When we think of aircraft tugs, it is generally for big jets, and if not for big jets then at least big private jets. But what about helicopters? Those strange, ungainly things are light like a dragonfly, right? Some are, but then again, some aren’t. While compact training and light observation helicopters are designed to be light, there are plenty of medium and heavy helicopters which tip the scales many times that of their lightweight cousins.
Before we get into helicopter tugs: What type of helicopter uses wheels?
This begs the question: what type of helicopter uses tires and struts for a landing gear rather than the traditional skids? Or more specifically, is there something in particular that distinguishes which landing gear they are equipped with?
Wheels are used without exception on all medium and heavy helicopters for a few reasons. First, as a helicopter gets heavier and heavier it becomes increasingly more difficult to take off vertically, especially at max gross weight. Riding on tires allows it to run up for take off providing increased lift during take off. It is still much easier for a helicopter to hover vertically than take off vertically.
Second, skids are a very simple, very light landing gear configuration which is strong for its size and mass, but it has limitations. It cannot replicate the strength of a pneumatic strut with tires that you find of fixed wing aircraft.
Moving a wheeled helicopter versus an airplane
The level of difference or difficulty in towing a helicopter versus an airplane is mostly contingent on the landing gear configuration of the helicopter. Wheeled helicopters are mostly configured in the traditional tricycle gear of an airplane, but there are a few exceptions. Some medium-lift helicopters, such as the Sikorsky H-60, use a tailwheel configuration, and the Boeing Vertol CH-47 utilizes a quad-gear setup.
Those two latter helicopters listed are not the norm; tricycle gear configuration are the most prolific configuration in wheel helicopters. A tricycle geared helicopter is towed the same way as a fixed wing airplane of similar size. In fact, it could be simpler since some helicopters are equipped with folding rotors allowing for a much more narrow profile.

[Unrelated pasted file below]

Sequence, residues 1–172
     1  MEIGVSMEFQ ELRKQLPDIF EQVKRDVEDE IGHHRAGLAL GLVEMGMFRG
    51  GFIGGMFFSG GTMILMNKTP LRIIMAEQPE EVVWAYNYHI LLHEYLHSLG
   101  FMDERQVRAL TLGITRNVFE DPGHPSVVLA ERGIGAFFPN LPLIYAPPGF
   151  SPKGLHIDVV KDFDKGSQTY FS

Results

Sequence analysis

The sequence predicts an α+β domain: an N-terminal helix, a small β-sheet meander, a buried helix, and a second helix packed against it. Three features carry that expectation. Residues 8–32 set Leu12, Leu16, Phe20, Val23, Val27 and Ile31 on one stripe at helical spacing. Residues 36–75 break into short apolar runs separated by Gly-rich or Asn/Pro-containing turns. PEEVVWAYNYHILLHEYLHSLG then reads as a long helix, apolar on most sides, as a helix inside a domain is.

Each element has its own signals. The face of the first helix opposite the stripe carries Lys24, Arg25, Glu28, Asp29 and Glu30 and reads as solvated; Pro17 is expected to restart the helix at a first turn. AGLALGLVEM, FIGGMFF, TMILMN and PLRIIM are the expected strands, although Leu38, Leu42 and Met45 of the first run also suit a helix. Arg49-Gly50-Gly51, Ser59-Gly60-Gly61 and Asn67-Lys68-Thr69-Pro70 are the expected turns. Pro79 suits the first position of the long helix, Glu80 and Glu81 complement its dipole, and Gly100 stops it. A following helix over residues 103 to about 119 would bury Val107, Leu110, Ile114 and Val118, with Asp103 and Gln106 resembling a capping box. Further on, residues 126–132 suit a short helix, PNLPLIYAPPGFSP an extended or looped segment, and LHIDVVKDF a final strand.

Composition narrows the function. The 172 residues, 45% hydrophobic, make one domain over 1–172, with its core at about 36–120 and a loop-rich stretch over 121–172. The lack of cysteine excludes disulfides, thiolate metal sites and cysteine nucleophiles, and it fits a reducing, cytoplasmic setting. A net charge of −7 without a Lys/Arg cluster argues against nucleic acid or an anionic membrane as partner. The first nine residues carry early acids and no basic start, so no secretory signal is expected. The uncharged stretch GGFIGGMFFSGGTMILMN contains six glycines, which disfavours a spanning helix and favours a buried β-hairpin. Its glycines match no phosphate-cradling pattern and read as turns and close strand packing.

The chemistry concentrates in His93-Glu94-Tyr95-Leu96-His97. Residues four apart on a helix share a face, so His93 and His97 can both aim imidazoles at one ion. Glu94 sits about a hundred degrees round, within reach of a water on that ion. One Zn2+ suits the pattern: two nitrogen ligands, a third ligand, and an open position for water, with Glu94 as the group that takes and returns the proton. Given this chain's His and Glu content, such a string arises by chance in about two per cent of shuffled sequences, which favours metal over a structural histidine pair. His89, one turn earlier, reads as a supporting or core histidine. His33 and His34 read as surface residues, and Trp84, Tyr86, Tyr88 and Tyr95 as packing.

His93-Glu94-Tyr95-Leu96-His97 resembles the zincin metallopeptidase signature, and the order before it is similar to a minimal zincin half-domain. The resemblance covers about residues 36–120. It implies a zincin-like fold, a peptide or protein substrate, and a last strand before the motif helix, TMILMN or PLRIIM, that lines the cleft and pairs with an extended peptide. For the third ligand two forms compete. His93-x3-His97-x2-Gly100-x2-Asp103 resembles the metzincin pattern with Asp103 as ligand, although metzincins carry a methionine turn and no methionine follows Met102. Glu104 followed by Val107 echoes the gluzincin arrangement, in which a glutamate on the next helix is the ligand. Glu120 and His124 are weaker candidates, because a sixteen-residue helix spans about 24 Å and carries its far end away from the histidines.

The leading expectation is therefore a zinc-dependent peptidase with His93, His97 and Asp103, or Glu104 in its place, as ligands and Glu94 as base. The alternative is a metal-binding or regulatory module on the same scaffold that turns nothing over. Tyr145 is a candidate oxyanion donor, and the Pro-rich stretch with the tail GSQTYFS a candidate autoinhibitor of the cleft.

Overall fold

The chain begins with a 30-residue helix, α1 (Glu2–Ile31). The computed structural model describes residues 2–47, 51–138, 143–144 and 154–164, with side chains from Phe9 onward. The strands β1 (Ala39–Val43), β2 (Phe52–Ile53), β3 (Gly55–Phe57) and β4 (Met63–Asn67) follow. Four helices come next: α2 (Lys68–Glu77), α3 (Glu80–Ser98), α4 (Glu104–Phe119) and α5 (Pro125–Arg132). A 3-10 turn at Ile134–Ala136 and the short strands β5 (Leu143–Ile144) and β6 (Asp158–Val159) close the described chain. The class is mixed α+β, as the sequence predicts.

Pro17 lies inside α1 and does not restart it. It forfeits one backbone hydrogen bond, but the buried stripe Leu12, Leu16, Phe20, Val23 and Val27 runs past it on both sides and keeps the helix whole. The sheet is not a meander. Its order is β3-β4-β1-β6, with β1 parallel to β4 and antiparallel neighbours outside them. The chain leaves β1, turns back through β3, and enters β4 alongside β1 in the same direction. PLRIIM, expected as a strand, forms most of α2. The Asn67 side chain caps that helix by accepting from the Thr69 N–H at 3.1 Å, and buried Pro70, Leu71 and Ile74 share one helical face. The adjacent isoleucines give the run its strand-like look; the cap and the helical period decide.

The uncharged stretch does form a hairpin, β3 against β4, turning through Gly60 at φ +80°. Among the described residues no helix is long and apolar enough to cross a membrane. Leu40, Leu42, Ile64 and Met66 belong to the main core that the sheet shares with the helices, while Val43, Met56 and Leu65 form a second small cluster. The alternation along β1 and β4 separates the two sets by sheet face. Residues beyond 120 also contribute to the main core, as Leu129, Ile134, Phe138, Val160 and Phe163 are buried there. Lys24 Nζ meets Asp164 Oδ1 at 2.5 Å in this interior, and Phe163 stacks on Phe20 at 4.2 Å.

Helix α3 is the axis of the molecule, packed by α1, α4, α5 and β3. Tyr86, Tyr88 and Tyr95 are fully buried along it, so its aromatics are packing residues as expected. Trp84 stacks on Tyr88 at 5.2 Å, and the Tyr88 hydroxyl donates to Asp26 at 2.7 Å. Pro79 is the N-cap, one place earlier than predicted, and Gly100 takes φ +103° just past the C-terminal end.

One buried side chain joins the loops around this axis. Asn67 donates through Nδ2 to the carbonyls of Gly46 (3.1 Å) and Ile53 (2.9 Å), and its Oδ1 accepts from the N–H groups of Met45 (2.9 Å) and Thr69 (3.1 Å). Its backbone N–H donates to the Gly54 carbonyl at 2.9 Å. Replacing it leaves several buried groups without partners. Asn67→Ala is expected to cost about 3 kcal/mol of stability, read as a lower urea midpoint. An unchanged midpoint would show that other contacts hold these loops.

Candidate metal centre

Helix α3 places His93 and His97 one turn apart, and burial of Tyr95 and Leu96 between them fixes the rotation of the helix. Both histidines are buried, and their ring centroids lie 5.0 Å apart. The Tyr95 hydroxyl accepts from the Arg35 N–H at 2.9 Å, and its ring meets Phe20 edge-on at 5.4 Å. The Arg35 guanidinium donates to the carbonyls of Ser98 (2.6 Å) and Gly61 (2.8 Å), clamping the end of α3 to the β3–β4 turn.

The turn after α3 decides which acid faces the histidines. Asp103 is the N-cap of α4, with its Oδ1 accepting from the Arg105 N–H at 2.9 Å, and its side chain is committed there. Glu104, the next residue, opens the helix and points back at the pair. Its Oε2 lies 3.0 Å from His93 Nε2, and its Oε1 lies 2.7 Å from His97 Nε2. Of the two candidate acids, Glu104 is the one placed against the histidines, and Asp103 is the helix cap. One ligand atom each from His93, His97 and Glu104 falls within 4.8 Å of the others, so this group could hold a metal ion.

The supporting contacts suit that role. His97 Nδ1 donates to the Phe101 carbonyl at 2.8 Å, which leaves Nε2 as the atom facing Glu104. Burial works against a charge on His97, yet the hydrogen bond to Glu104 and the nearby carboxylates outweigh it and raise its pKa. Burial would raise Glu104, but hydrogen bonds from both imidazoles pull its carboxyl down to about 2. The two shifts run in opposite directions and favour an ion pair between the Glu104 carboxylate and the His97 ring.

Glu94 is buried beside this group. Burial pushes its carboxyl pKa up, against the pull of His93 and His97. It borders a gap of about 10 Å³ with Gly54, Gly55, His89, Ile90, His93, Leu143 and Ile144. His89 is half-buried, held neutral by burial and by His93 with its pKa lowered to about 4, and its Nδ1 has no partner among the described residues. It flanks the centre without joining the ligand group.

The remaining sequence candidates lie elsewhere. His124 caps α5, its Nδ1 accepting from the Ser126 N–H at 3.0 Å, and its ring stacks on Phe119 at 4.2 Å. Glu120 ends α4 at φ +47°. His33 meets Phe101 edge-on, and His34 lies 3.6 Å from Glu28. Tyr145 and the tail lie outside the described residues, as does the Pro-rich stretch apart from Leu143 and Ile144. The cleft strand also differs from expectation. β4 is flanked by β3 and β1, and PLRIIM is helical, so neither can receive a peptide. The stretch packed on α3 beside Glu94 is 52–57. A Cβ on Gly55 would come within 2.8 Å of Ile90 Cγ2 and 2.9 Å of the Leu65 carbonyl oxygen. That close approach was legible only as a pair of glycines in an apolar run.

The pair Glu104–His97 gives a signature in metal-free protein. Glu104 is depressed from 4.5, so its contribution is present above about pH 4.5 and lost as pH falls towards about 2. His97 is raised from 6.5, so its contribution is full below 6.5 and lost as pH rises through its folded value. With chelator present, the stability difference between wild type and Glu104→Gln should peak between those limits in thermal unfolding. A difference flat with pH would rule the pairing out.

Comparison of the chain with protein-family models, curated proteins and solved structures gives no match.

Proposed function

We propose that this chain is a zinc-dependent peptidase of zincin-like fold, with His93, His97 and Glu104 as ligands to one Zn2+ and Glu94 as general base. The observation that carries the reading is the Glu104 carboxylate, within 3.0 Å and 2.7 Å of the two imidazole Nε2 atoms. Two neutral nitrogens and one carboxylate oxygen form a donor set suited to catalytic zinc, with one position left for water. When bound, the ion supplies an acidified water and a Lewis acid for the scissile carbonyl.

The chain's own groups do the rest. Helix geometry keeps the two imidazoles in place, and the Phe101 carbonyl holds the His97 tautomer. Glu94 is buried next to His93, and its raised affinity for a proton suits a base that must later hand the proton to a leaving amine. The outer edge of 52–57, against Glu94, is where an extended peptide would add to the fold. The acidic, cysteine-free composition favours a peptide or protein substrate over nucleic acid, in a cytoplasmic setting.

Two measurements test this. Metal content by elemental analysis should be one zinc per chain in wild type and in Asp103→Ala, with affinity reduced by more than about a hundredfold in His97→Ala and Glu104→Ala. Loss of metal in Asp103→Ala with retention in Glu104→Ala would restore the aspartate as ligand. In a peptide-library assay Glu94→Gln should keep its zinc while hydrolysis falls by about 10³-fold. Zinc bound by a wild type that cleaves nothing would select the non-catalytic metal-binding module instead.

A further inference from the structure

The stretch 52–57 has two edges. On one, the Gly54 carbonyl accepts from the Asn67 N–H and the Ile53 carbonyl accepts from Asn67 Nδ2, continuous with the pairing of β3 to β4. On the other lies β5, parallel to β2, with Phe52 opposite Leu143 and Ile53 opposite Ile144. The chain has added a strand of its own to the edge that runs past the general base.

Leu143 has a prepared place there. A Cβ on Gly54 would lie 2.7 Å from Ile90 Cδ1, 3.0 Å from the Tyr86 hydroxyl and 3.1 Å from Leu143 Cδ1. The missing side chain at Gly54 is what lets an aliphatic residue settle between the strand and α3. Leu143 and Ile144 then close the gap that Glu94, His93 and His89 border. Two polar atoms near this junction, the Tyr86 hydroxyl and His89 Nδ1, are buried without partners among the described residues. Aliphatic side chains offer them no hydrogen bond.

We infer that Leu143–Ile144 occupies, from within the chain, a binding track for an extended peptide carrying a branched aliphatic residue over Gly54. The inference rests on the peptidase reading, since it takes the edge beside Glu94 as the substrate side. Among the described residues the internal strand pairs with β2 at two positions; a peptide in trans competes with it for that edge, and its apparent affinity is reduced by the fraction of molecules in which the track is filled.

Specialized helicopter tug, or share equipment?
There are no particular special requirements for towing a tricycle-gear helicopter as opposed to a tricycle-geared small jet or turbine fixed wing aircraft. The gear are in roughly the same locations and configured the same way. There is no reason to double up on expensive ground support equipment when one piece of equipment will do both jobs equally well.
The Mototok tugs can be used on either tricycle gear helicopters or just as easily adapted to the large tailwheel helicopters by cradling the tailwheel. Other than the mounting location, there is no operational difference between moving a tailwheel or tricycle-gear wheeled helicopter. You get the same precision movement regardless of landing gear configuration.
What obstacles exist in using an AGV over a traditional helicopter tug?
Since AGVs are so naturally user-friendly, it is hard to imagine an obstacle in transitioning from a traditional tractor tug to an AGV. The most difficult hurdle in the process may very well be just shifting the mindset of the end users who have relied on cumbersome tractor tugs for their entire careers.
It should take only one experience with an AGV to easily shift that mindset. They are virtually silent, simple and intuitive to operate, and are built with tremendous safety features. AGVs also can maneuver in a way that could never be replicated by even the most experienced tractor tug operators, and done so with a relative novice using the AGV.
AGVs transition seamlessly from aircraft to aircraft without any adjustments being necessary, thanks to the unique cradle for the tires which securely clamps and lift the landing gear creating a completely secure mount.